An Appointment With Dr. Rabbit Elephants have eight of these and each one is as big as a brick; what are they? If you said teeth, you're right! Elephants, humans and others with access to the WWW can visit http://kids-world.colgatepalmolive.com the Dr. Rabbit's No Cavities Clubhouse. Here you can play games, color pictures, and learn about how to take care of those friends in your mouth. There's even a place to let the tooth fairy know about lost teeth. Just flash that pearly white smile to get in and watch out for the plaque monster who's looking to attack defenseless teeth. (This site is no longer available.)
The Klingon Language Institute Have you ever wanted to learn Klingon, that fabled language from the Star Trek series? Whether you're a Trekkie or a linguist, you're going to love the offerings at the Klingon Language Institute. While hanging out, you can search the Klingon archives for key phrases, or download some Klingon sounds to get a real taste for this futuristic dialect. You'll also find out how to choose your Klingon name, how to translate your own name or favorite word into Klingon, and how to pronounce every word in this fascinating language. There's even a Klingon dictionary and real-time chat! After surfing this site, you'll be shouting "jIyaj," or "I understand." Ready to learn your first space age language? It's time to navigate the Enterprise out to www.kli.org.
The Phantom of the Opera Did you know that legend says there really was a Phantom of the Opera? Here's your chance to learn about the author, read about the novel, and experience the sights and sounds of being at some of the finest opera houses. Visit the famous "Place de Opera," where the masterpiece is set. Read what the author learned about the real Phantom. Venture out to http:// phantom.skywalk.com if you're not afraid of the Phantom of the Opera. (This site is no longer available.)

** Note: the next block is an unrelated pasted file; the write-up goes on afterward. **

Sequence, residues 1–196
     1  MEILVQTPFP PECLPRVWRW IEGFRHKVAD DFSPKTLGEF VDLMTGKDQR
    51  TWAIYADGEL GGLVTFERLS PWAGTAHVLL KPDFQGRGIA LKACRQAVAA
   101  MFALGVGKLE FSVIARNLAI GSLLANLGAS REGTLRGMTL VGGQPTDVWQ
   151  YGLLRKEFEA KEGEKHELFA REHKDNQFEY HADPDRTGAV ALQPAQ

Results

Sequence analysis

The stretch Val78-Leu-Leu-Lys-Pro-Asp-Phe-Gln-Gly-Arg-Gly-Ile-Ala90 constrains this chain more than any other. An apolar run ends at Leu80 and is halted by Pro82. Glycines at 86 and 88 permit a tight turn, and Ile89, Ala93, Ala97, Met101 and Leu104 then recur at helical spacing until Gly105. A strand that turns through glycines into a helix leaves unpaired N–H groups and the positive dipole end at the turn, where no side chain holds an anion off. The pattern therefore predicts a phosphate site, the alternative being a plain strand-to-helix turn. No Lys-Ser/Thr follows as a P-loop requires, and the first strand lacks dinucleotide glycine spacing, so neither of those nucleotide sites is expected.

This 4Kids Detective game has expired. To play the current Kid Quest Challenge, go to www.4Kids.org/kidquest.
1. When was the author of the "The Phantom of the Opera" born?
Dear Jayme: Putting a picture on the Web takes several steps. To get the picture into ''digital'' form so the computer can read it, you have to scan it. If your school doesn't have a scanner, a local photocopy store might. Remember, scanning the picture at the lowest resolution (72 dpi) will make the picture file small so it will load fast on your Web page. Next, convert your file into either gif and jpeg format with one of these programs. If you have a PC you can download lviewpro at ftp:// ftp.std.com/ ftp/ vendors/ mmedia/ lview/ Macintosh users can go to http:// wwwhost.ots.utexas.edu/ mac/ and get GraphicConverter. Once the image is converted, make the link on your Web page and upload the picture file to your Web server. (These downloadable files are outdated.)
Dear Amy: My class is working on a Web page. Can you give us some ideas? --Valerie, Des Moines, IA
Dear Valerie: There are lots of things you can put on your Web site: pictures of your school, the principal and the school's mascot or seal. You could have a calendar of upcoming events, the latest sports scores, or an announcement of a school play so people in your town can check out your page for the latest news. Links to Web sites that your classmates like are good too. To see what other schools have done or for some more help, go to Web 66 at http:// web66.coled.umn.edu. (This site is no longer available.)